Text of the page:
Despite the critical need, with other urgent needs taking priority such as shelter and food, education in emergencies has been drastically underfunded. Today around 75 million children, in countries affected by crises are either already missing out on their education, receiving poor quality schooling, or at risk of dropping out of school altogether. Which is why, last year, 40,000 Global Citizens raised the heat on world leaders to encourage them to close the $8.5 billion funding gap, by contributing to the Education Cannot Wait Fund.
This fund seeks to reach more than 13.6 million children and youth living in crisis situations, such as conflict, natural disasters and disease outbreaks, with quality education over the next five years.
Global CItizen hosted an event in Congress in March 2016 to highlight the importance of securing access to education for children living in emergencies. Congressman Dent (R-PA), Congresswoman Lowey (D-NY), Congressman Lieu (D-CA) and others attended to express their support for global education and for education in emergencies.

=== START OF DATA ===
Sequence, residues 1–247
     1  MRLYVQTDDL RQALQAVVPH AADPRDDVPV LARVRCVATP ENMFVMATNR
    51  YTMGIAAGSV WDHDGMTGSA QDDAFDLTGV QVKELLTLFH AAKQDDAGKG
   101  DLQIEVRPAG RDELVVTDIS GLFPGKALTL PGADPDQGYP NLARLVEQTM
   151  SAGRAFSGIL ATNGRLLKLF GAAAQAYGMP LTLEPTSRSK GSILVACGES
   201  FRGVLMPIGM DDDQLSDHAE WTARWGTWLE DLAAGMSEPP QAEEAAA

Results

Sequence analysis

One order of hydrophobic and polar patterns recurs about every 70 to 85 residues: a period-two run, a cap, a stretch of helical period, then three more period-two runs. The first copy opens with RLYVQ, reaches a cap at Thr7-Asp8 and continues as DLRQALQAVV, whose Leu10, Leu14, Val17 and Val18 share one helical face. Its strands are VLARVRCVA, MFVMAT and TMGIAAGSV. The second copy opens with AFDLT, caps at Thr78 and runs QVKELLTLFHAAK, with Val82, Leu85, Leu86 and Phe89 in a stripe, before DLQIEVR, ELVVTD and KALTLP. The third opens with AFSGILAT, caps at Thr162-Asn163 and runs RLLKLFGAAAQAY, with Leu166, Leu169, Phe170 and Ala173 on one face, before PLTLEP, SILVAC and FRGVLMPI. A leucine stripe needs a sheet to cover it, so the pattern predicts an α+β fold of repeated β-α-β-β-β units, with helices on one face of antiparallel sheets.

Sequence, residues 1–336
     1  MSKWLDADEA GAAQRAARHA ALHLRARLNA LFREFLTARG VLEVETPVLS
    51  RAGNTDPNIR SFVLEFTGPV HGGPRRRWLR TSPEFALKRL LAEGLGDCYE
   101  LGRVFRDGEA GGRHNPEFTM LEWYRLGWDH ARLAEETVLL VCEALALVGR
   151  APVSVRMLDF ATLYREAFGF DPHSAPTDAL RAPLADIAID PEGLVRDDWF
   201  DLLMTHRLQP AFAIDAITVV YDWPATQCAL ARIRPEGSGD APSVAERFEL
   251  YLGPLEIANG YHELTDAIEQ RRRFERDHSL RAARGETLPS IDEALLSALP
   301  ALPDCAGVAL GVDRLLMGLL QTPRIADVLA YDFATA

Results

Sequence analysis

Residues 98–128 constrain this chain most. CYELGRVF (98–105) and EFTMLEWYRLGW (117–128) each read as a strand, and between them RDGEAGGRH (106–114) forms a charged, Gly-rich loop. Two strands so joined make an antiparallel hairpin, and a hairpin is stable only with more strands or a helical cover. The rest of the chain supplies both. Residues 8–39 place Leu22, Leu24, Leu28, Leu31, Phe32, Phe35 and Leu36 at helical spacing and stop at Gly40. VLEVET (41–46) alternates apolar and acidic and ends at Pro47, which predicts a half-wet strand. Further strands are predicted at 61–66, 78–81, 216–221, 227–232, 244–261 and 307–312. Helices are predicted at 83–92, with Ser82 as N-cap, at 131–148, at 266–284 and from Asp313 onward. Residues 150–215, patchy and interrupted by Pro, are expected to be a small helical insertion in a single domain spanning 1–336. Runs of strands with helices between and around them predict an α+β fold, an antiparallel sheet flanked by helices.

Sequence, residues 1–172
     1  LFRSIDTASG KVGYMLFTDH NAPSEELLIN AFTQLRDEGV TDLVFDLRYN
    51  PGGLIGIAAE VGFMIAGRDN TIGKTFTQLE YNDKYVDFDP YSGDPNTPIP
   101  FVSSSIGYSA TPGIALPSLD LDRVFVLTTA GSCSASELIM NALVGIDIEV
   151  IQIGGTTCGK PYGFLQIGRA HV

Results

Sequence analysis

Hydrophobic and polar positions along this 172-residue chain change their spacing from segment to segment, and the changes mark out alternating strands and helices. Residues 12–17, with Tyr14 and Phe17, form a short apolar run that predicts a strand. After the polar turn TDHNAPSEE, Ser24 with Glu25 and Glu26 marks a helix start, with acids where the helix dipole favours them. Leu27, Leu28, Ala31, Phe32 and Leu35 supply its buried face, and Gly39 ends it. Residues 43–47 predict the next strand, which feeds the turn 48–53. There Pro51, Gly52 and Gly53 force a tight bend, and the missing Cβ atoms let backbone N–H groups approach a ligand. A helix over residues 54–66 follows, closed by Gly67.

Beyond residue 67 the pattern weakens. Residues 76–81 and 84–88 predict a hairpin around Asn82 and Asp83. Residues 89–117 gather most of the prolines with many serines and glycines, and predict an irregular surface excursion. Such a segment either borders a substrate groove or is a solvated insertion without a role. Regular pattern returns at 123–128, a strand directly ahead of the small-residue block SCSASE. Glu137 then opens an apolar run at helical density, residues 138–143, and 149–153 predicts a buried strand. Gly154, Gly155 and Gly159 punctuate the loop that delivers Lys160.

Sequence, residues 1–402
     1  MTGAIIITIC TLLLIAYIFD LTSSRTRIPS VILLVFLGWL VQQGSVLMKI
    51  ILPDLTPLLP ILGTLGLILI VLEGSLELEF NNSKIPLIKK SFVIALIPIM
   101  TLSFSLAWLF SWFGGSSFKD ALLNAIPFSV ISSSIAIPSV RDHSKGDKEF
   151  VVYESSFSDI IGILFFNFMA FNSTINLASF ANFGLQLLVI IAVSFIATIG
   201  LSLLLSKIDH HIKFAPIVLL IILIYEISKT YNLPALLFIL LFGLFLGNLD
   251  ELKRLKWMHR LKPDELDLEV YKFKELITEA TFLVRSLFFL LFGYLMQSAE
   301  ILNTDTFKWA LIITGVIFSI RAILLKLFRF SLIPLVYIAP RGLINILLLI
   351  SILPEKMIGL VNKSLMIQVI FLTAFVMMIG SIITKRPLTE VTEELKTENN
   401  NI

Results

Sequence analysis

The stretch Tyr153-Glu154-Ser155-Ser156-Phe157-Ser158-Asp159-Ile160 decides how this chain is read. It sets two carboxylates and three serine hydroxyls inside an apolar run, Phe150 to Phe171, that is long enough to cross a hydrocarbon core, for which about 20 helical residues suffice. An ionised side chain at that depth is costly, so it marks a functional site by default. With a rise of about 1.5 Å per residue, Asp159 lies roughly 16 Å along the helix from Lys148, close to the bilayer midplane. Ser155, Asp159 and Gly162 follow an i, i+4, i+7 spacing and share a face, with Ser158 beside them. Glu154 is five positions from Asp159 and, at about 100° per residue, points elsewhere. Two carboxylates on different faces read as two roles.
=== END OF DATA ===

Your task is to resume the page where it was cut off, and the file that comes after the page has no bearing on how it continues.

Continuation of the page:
Children in the audience for a screening of ‘Shaun the Sheep.’ A side event to the World Humanitarian Summit hosted by Global Citizen with Cinema for Peace and Small Projects Istanbul
The US government was one of the countries that heard our voices. On May 23, at the World Humanitarian Summit in Istanbul, USAID Administrator Gayle Smith announced that the US was to contribute $20 million toward the Education Cannot Wait fund. As the administrator explained, “Faced with chronic, complex emergencies, we have a moral and national security imperative to meet escalating needs and provide a better future for the most vulnerable, including refugees.”
Spoken like a true Global Citizen. Thank you Administrator Gayle Smith. Thank you President Obama. Thank you to the entire US administration. Thank you Global Citizens for helping every single one of these moments happen and for bringing closer the day where no-one lives in extreme poverty.
If we all continue to work together to do our part, can we see an end to global poverty? In the words of our signing off President...